240 Central Park S, New York, NY 10019

I raved about Marea in my Fave Fine Dining Spots in NYC piece, but I just want to rave about it again. Unlike a lot of the restaurants on this list, this place has refined, upscale Italian. For example, bits of burrata paired with buttery poached lobster….or fusilli with bone marrow infused tomato sauce and octopus. The vibes are upscale, and it’s definitely a special occasion restaurant.


110 Waverly Pl, New York, NY 10011

While we are on the subject of high-end Italian, I can’t forget about Babbo, in the West Village. Babbo is high end, but it’s not as prim and proper as Marea. It’s got more character. This spot also has some funky and classic Italian ingredients on the menu. Take beef tongue, for example. Didn’t think I could like it but I loved it. On the classic end, they have a delicious burrata and the pastas are on point.

Scalini Fideli

165 Duane St, New York, NY 10013

I’m surprised I don’t see this place on more recommended restaurant lists! I’ve been here a few times, and each time, it’s been impressive. The only thing I didn’t like about this place was a kind of sketchy vibe from the owners… but the food is top notch. If you go here, definitely go for a pasta.

Ai Fiori

165 Duane St, New York, NY 10013

Fancy schmancy but damn delicious. Ai Fiori is a pricy midtown gem brought to us by Altamarea group. There’s nothing worse than an expensive restaurant that doesn’t deliver, and I’m happy to report that Ai Fiori does, in fact, deliver! Exceptionally well! This is good for special occasions, engagement or wedding dinners, corporate lunches, or the restaurant week splurge. Of course they have the white truffle tagliatielle, but you don’t have to splurge on truffles to get some great pasta. I also want to note that their lobster is truly unforgettable. One of the most tender poached lobster tails I’ve ever had.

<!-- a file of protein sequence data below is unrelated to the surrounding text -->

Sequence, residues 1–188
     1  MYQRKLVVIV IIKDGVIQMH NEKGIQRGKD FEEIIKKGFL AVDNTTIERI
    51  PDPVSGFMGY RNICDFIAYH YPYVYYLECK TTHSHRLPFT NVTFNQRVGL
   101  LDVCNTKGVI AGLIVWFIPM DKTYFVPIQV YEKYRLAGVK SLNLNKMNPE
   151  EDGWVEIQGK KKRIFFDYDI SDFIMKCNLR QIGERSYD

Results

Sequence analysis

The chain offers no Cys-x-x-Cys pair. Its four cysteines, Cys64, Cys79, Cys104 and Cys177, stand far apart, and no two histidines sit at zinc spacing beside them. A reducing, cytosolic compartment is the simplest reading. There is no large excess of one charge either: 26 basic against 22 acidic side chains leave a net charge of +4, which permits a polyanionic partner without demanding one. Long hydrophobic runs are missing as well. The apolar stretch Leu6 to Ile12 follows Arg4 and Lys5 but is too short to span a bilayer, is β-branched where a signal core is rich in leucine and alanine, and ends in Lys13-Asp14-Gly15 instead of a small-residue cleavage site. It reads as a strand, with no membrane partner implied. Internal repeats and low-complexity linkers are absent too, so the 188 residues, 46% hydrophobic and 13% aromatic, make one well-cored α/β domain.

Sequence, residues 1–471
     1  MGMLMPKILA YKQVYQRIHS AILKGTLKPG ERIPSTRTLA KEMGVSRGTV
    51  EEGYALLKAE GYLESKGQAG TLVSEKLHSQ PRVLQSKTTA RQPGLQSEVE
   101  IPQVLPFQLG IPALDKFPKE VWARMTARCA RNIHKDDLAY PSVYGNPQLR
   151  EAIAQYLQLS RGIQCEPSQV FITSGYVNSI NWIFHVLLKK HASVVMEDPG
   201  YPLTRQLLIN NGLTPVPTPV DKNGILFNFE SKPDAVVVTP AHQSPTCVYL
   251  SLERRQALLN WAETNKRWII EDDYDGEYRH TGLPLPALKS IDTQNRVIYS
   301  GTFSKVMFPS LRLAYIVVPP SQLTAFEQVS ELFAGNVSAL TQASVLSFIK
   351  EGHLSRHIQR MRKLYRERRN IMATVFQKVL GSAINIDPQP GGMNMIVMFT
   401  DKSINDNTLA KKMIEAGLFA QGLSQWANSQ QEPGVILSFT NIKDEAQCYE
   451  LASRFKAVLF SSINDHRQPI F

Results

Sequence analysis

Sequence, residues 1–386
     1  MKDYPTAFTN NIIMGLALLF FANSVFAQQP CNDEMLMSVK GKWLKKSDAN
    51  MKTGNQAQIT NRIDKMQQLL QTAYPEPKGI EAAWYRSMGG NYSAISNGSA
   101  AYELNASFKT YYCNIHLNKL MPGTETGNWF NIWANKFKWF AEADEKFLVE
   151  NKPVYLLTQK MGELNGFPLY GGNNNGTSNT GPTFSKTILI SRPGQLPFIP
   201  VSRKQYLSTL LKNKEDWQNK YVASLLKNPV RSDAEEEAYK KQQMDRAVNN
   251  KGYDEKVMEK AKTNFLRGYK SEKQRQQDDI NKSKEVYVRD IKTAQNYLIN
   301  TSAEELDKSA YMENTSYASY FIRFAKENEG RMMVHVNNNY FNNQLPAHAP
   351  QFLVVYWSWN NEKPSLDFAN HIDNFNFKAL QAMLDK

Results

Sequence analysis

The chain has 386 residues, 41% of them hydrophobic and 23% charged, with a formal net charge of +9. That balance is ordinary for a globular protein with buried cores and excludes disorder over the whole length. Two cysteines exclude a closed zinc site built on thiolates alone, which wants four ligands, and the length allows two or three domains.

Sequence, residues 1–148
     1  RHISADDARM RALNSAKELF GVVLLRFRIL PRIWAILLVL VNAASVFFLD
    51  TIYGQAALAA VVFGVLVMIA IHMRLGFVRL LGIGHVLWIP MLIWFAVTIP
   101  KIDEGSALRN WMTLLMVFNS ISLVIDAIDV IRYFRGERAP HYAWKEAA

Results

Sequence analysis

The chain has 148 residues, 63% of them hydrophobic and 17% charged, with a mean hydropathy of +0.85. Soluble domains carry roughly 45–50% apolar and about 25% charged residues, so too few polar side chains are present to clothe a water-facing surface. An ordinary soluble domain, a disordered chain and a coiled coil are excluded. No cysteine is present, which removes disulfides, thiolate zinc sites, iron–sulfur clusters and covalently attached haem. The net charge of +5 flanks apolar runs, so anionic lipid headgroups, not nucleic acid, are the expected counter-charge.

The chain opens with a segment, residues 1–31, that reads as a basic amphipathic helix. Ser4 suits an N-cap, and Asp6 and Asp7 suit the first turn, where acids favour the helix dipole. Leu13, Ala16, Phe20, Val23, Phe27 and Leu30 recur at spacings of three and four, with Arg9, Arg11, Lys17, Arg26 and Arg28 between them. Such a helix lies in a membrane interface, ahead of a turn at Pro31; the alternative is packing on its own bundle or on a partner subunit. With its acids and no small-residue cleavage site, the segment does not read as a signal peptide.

Emilio’s Ballato

55 E Houston St, New York, NY 10012

Leonardo Dicaprio comes here all the time, so that’s all I will say. No, I’m kidding. He does come here all the time, but there’s a lot more to say. Emilio’s Ballato is like old school Italian meets new-age celebrity. But, that being said, it’s super low key. Not the same kind of low key as Porsena… it’s more of a “I’m dining with celebrities but I’m going to act super chill while giving off authentic Italian food lover vibes” kind of low key. The food here is comforting, and you have to get a ragu or a red sauce.

Fresco by Scotto

34 E 52nd St, New York, NY 10022

Fresco by Scotto has a soft spot in my heart. I go all the time to shoot social media content, and I have seen their creativity sky rocket recently with their new chef, Alessandro Pendinelli. Going to Fresco is like going to your new Italian family’s house for dinner. They take care of you and have a dish for every mood. If you want comfort red sauce? No problem. If you want light butter ravioli? They got you. Not a carb eater, the steak is to die for.


30 W 18th St, New York, NY 10011

Scampi is southern Italian with a seafood focus, and a killer shrimp malfadini dish. The restaurant itself is classy and elegant, but casual, and this is a great spot for a double date or just grabbing dinner with a friend. Just make sure you like seafood. If you don’t then just don’t even bother.


24 E 81st St, New York, NY 10028

This is a fancy hidden gem in an upper east side townhouse with a delicious cacio e pepe. The clientele is older, but whoever said being in a room full of older people stopped themselves from having a good time must not have fun very often! This is definitely a special occasion place, or where you bring your parents.